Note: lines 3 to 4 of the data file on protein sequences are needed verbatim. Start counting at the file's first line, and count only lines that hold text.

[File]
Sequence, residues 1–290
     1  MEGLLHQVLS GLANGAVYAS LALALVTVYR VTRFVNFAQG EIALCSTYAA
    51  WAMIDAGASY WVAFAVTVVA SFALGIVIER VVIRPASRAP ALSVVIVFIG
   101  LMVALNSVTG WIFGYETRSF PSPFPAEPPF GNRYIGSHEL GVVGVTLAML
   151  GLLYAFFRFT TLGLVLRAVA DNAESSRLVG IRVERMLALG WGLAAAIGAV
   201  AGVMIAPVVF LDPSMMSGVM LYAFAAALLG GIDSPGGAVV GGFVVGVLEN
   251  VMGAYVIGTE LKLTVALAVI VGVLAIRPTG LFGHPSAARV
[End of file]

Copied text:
    51  WAMIDAGASY WVAFAVTVVA SFALGIVIER VVIRPASRAP ALSVVIVFIG
   101  LMVALNSVTG WIFGYETRSF PSPFPAEPPF GNRYIGSHEL GVVGVTLAML